Vandals scrawl Holocaust-denying graffiti on memorial at French massacre village
View dated on August 30, 2013 shows the martyr village of Oradour-sur-Glane, central France, where 642 citizens including 500 women and children were killed locked up in a church intentionally set on fire by a SS division on June 10, 1944. German President Gauck will be the first German president to visit Oradour-sur-Glane in September 2013, where a Nazi massacre in June 1944 wiped out almost the whole village. © Thierry Zoccolan, AFP

Vandals have scrawled graffiti denying the Holocaust on a wall in the village that was the site of the France's biggest massacre of civilians by the Nazis during World War II.

France’s justice minister vowed on Saturday that those responsible would be brought to justice.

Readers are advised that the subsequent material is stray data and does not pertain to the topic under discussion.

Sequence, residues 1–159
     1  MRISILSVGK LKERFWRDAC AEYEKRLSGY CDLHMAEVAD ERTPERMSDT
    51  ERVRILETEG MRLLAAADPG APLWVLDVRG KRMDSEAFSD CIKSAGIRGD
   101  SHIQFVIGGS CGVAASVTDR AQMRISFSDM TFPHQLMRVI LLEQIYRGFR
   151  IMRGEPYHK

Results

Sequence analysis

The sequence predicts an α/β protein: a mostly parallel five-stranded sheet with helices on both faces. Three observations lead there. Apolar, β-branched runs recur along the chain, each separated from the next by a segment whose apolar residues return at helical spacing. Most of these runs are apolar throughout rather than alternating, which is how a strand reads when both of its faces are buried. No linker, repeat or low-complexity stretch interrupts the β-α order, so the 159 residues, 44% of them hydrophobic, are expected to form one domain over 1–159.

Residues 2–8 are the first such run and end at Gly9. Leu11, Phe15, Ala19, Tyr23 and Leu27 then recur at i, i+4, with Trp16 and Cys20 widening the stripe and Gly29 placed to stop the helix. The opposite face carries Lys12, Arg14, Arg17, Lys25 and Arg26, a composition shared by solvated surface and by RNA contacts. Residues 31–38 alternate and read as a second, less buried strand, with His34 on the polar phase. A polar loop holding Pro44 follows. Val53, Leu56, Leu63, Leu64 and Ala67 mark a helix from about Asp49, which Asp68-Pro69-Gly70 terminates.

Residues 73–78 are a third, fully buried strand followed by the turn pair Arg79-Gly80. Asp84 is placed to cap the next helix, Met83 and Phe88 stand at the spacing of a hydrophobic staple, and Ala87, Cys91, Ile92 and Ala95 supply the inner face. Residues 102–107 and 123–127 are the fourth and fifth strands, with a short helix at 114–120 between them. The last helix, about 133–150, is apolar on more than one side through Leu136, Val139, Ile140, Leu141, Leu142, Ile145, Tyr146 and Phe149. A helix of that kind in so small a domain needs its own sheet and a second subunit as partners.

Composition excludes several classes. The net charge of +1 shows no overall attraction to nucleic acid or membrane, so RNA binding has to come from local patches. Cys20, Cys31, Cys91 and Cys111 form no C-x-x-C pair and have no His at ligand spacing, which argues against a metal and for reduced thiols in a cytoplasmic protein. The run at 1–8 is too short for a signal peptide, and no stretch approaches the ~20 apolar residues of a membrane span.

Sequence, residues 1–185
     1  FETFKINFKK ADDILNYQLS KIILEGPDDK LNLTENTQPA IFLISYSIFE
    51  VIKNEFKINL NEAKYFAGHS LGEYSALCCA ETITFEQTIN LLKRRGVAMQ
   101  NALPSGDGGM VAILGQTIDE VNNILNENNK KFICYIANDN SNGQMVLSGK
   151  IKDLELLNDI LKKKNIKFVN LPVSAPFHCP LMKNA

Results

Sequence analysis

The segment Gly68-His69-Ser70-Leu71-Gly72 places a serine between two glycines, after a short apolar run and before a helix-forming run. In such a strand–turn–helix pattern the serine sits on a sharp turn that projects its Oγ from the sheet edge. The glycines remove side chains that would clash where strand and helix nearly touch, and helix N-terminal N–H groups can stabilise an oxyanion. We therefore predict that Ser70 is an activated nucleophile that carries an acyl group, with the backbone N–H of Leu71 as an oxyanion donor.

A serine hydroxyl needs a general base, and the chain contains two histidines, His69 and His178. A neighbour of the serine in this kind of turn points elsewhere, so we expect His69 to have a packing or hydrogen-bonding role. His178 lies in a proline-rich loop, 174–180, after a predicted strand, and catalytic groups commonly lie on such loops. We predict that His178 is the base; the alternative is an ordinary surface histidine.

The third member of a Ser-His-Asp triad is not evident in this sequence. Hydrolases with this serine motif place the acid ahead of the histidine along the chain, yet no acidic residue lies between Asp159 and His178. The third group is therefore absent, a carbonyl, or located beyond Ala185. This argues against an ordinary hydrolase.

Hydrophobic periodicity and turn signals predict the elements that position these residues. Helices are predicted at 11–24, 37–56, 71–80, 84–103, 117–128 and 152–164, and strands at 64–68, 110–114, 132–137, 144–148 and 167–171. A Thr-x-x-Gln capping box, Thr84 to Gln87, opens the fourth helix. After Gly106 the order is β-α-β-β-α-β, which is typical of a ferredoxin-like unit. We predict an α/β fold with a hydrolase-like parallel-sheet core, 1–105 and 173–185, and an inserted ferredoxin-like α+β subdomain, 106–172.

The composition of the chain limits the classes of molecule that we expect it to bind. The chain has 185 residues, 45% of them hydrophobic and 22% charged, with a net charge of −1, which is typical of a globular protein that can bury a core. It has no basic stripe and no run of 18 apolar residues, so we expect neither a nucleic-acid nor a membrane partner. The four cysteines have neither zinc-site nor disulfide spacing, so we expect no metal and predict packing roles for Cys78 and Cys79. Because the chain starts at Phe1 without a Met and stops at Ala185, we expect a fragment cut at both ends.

Officials in Oradour-Sur-Glane, near Limoges in central France, threw up a tarp to cover the graffiti discovered Friday on the wall at the entrance to the Center for Remembrance. The word “Lie” was scrawled on the wall, along with other graffiti, according to the regional paper Le Populaire du Centre. The inscription “Martyr Village” was crossed out.

“Shame on those who did this,” Justice Minister Eric Dupond-Moretti tweeted. “All will be done to find and judge those who committed these sacrilegious acts.”

Interior Minister Gerald Darmanin denounced the “abject filth” in a Friday night tweet. Prime Minister Jean Castex said the graffiti “dirties the memory of our martyrs.”

Troops from the fanatical SS “Das Reich’’ division were responsible for killing 642 villagers on June 10, 1944, herding them into barns and a church and setting the town on fire. While a new village has been built, the ruins of the old town have been left untouched as a testimony to Nazi horrors.

The massacre occurred four days after the Allied D-Day landings in Normandy. The killings were believed to have been ordered in retaliation for the kidnapping of a German soldier by the French Resistance.